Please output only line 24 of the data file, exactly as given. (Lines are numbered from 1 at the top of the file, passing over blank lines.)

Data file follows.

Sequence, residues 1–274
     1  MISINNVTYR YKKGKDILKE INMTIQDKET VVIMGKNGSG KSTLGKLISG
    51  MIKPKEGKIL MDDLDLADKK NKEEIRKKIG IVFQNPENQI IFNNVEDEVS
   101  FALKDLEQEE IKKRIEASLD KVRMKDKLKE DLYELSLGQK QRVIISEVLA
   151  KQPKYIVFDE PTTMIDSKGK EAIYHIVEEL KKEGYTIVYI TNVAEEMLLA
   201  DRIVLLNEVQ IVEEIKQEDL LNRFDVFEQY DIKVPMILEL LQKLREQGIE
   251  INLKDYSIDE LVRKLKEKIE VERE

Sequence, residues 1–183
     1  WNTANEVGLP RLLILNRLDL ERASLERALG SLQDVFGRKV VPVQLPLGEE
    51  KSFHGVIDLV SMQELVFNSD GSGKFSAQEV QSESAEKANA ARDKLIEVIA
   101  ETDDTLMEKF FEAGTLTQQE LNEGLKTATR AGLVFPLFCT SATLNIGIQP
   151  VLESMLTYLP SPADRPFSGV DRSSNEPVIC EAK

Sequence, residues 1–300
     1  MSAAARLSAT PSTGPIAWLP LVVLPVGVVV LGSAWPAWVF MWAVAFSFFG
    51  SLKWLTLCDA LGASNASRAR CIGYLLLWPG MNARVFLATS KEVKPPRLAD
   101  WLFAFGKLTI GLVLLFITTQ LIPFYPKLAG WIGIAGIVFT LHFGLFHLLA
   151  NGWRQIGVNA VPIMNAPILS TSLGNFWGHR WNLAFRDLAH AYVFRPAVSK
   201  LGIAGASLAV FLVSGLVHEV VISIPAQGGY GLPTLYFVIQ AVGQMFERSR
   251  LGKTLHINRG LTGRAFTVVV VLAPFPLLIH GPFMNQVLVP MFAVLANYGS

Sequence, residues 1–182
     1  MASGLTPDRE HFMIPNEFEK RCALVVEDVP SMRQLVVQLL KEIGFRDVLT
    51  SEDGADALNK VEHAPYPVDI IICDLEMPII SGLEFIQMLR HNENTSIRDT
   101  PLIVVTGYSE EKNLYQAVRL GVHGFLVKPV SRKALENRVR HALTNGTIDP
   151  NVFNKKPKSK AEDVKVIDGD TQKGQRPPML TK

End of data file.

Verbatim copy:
   151  NVFNKKPKSK AEDVKVIDGD TQKGQRPPML TK